As for visits from his wife, they are recorded and monitered so what's the problem? Clearly a shallow, childlike ploy to destroy his morale. But my expectations are so low of the Japanese justice system that it's hardly any surprise.
If anyone here is unaware of how law works in a supposedly democratic nation, it's you.
10 ( +14 / -4 )
Polls open in Australian election; opposition tipped to win
I hope so!
1 ( +2 / -1 )
Live the lie!
1 ( +1 / -0 )
LOL! How? By just denying their existence. Bravo, Japan!
3 ( +6 / -3 )
Welcome to the real Japan...
Samurai spirit (as if it is supposed to be a good thing), ninja and unicorns don't actually exist.
10 ( +11 / -1 )
Jonathon Prin is right, but the Japanese are brainwashed from birth to live a life completely in servitude to those who give little to nothing in return. Japan needs a major awakening in the hearts and minds of people. Sad.
6 ( +6 / -0 )
After all, the average age for a Japanese farmer is over 70.*
And their bodies are absolutely destroyed. With zero social mobility in Japan, how else can they put food on the table?
7 ( +7 / -0 )
Nothing wrong with social democracies.
I tend to agree, but in Japan's case you can take out the word democracy. With a huge national debt, Japan should tread carefully (it is not right now). I would have thought Japan would use this money to offset that debt.
I'm just saying let's call a spade a spade.
-1 ( +2 / -3 )
When is Japan going to be properly labelled as a socialist nation?
-12 ( +3 / -15 )
Also, this data could be influenced by purchases made in March, prior to the end of the fiscal year.
I was thinking the same thing. I wonder if they even sneak some of the Olympic expenditure into the 'household goods' column just to make things look better. At any rate, I take these 'reports' with a handful of salt - they always differ from the reality on the street.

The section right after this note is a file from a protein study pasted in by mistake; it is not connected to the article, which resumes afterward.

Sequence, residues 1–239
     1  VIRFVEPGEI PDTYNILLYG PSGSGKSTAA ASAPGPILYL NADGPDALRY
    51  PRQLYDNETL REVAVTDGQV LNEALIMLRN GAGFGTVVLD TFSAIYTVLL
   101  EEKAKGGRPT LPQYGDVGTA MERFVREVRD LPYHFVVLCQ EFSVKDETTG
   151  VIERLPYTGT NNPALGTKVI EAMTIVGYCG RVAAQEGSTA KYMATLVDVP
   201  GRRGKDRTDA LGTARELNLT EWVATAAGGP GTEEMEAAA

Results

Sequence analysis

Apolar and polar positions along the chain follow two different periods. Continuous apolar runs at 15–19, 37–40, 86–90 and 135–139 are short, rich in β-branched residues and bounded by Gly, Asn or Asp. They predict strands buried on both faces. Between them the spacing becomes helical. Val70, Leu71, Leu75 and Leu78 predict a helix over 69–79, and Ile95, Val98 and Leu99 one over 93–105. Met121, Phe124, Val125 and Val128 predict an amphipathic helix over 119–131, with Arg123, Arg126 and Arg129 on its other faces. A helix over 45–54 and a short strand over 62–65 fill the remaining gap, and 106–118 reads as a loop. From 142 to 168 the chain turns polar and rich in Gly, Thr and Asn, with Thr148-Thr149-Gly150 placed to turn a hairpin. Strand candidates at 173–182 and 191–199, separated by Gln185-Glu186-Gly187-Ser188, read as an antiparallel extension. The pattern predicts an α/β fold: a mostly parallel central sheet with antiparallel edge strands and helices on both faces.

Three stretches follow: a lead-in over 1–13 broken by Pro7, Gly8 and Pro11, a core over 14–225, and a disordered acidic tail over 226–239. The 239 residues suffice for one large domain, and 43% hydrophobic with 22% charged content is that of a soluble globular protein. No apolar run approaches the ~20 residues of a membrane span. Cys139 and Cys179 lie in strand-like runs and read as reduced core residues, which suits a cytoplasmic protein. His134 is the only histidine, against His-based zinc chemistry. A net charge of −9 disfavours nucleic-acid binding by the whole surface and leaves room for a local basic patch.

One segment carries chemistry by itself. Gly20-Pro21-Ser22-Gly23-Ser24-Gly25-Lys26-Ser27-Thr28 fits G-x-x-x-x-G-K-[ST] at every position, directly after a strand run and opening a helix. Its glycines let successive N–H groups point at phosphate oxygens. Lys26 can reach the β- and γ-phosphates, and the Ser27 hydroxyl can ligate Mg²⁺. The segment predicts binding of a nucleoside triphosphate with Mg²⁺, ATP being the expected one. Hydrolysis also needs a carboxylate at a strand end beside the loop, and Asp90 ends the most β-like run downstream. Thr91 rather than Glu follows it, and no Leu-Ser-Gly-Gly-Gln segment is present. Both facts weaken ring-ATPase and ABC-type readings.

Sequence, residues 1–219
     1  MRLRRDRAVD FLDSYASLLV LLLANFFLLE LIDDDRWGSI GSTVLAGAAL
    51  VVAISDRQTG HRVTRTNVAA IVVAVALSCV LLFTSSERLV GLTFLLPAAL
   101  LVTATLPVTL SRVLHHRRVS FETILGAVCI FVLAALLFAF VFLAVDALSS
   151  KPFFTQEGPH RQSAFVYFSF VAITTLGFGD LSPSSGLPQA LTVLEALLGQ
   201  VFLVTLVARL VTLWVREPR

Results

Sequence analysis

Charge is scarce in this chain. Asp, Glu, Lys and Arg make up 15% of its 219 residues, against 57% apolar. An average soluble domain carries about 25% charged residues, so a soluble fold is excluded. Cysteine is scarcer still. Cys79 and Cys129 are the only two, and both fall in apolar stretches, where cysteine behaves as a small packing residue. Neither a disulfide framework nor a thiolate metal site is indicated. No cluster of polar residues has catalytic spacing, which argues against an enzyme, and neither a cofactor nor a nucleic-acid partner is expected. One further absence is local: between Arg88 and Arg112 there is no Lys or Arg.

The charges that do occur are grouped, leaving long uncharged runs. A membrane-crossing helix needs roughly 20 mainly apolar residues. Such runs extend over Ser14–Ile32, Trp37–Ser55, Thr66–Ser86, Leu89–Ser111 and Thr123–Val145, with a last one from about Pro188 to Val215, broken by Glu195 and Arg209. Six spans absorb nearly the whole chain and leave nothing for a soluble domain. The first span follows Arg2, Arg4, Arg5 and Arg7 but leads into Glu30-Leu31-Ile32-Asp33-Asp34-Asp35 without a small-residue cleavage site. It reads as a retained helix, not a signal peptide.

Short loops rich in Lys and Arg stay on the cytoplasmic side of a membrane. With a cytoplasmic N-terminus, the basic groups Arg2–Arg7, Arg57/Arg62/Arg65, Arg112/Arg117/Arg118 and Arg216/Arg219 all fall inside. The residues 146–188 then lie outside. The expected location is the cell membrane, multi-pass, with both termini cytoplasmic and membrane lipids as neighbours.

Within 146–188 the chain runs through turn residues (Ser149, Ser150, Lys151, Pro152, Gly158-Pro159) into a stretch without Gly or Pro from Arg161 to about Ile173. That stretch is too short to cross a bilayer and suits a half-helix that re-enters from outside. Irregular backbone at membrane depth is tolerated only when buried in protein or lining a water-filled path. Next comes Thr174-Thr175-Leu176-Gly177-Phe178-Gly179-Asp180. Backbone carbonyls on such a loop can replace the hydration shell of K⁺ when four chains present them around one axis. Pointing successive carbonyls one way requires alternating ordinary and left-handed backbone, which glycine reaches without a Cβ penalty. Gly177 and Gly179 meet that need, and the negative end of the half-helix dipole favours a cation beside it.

Some policymakers worry that the tax hike could hurt consumer spending...
I would think ALL policymakers should be worried about it. If not, they are quite inept at their job!
5 ( +5 / -0 )
It's interesting to note that the uyoku have not hit this thread... yet.
2 ( +5 / -3 )
Posted in: The government has closed the curtain on favoritism scandals linked to Moritomo Gakuen and Kake Educational Institution and on wage statistics irregularities by the labor ministry without sufficiently fulfilling its accountability. So a sense that people close to political power are being protected extralegally has spread through society. See in context
Conan - and a third tier for foreigners that don't stereotypically beg for mercy...
6 ( +6 / -0 )
The problem has been the Koreans inability to forget.
More like people's (like yours for example) haste to forget. Willful ignorance in any area of life will always have negative effects...
1 ( +6 / -5 )
wtfjapanToday 10:21 am JST
Exactly this. People need to fight for what's right here. Only problem is that anyone who does so is usually marginalized by his/her colleagues for being a 'maverick'.
Its a cowardly act to take such matters as opportunity to solidify their position within the group. For Japan to truly change for the better, people will need to grow a spine first like the man that wtfjapan describes.
9 ( +9 / -0 )